“Cultural Memory” explores how societies respond collectively to traumatic memories, such as war and extreme human rights violations, which often involves silencing memories of the past as well as controlling how the past is narrated.
Controlling how the past is narrated is frequently about creating power. As an example, the podcast looks at how aggressors invent narratives that in effect erase human rights violations, which out of fear and the want to survive people uphold as truth.
The podcast makes the case that forgetting trauma may not be as much a psychological response as it is a political one. Such “forgetting” can go on for as much as thirty years, and often until a younger generation feels hampered by the silences and begins to construct an alternative reality not weighed down by denials of the past.
“Cultural Memory” questions if remembering trauma contributes to healing, and at least one person interviewed believed asking people to dredge up memories of human rights violations causes unnecessary pain. I certainly understand his sentiment; it’s hard to watch people suffer. Yet fear thrives in silence, and the extreme power differentials that lead to human rights abuses thrive on both fear and silence.
Traumatic stress is often an intergenerational phenomenon, and thus we must be careful about the fears and defenses we pass to the next generation, especially given that our fears often encumber their efforts at living without the effects of trauma. Furthermore, there is now much known about treating trauma, including putting off remembering traumatic events until the person feels resilient enough and safe enough to discuss these memories. Trauma-trained therapists generally see healing from trauma as a three stage process. Recalling memories of trauma, and grieving their impact, comes later in the therapeutic process — well after emotional regulation and distress tolerance are established. Some people choose not to remember, and that’s okay too. But I think all people who have suffered human rights abuses deserve to feel safe in their bodies, and often this does involve some remembering of what occurred.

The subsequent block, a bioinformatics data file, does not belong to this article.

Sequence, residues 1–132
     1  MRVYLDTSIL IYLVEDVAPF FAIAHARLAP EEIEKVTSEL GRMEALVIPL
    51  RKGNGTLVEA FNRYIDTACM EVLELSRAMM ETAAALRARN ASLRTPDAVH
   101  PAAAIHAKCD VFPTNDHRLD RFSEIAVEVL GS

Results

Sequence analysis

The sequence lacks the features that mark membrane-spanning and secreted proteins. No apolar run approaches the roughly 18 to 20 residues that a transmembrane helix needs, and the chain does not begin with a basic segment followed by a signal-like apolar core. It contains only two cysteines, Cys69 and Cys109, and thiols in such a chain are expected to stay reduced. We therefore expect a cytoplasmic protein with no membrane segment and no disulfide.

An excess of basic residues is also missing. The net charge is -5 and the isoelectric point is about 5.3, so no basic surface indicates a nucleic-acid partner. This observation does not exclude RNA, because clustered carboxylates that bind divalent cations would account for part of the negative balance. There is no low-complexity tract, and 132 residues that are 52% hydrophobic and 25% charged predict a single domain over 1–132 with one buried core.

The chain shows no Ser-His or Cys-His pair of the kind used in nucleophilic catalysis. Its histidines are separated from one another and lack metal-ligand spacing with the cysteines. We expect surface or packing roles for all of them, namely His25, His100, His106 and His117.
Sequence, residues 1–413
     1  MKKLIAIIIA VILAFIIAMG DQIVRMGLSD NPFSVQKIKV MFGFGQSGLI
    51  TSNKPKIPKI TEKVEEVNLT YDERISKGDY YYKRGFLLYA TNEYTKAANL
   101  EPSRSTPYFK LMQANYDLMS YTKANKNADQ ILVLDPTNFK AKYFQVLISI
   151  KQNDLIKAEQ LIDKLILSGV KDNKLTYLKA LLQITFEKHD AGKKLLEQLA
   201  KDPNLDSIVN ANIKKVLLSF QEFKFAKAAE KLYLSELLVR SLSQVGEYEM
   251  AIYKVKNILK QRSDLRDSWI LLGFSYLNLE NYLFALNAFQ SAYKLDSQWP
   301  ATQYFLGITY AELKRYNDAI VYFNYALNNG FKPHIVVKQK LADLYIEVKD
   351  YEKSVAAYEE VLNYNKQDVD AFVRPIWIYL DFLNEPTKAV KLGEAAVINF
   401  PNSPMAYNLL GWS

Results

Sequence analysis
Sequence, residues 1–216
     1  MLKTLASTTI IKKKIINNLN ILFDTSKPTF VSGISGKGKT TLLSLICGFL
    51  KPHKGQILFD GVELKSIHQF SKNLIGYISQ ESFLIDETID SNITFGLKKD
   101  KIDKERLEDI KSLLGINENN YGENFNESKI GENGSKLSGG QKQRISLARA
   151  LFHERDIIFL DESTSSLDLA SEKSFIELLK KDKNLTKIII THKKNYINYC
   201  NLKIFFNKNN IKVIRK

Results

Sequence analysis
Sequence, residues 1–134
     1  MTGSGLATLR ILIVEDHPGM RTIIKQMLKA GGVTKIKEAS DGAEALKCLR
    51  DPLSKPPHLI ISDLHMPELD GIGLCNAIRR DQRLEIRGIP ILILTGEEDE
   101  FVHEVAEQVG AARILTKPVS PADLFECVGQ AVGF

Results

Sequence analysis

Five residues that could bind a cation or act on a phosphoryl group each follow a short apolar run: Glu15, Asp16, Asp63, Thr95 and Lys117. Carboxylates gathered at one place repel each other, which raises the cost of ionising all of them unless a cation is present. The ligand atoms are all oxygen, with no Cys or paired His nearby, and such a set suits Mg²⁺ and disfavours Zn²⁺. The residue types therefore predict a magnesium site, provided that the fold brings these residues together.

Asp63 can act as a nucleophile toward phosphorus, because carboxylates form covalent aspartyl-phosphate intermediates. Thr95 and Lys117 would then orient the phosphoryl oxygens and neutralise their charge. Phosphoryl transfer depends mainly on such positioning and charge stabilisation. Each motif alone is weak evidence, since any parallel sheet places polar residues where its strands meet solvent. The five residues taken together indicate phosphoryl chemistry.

The Why Factor podcast “PTSD” discusses some of the controversies surrounding this diagnosis. I found their discussion of the cross cultural limits on applying PTSD most interesting. I have had an interest in this topic for sometime now. With my father (he was a psychiatrist) I published an article that looked at culture and depression, and I have also written about the problem of applying PTSD to non-Western cultures in a blog post as well as in an encyclopedia entry. Part of the reason I prefer the term trauma to PTSD is because I want to avoid the baggage that comes with DSM diagnoses. Admittedly, trauma has its own baggage, and in my current research project I am searching for an alternative framework that is more culturally sensitive.
Although The Why Factor’s “PTSD” is informative, I would like to see a broader scope taken when looking at case studies of this disorder. The podcast focuses on two people, one who developed PTSD in response to a natural disaster and another who developed PTSD in response to serving as a medic during wartime. I found both cases interesting, but I was also disappointed that the podcast omitted interviewing someone who had PTSD resulting from interpersonal violence, since it is also one of the most common causes of PTSD. For example, according to Maj. General Patrick Cammaert, former UN Peacekeeping commander in DR Congo, “It is now more dangerous to be a woman than to be a soldier in modern conflict,” since so many women are brutally raped and murdered in conflict areas. Discussions of PTSD like this podcast really need to broaden their focus and start including the long-term impact of family violence, child abuse, and sexual violence when discussing PTSD.
© 2013 Laura K Kerr, PhD. All rights reserved (applies to writing and photography).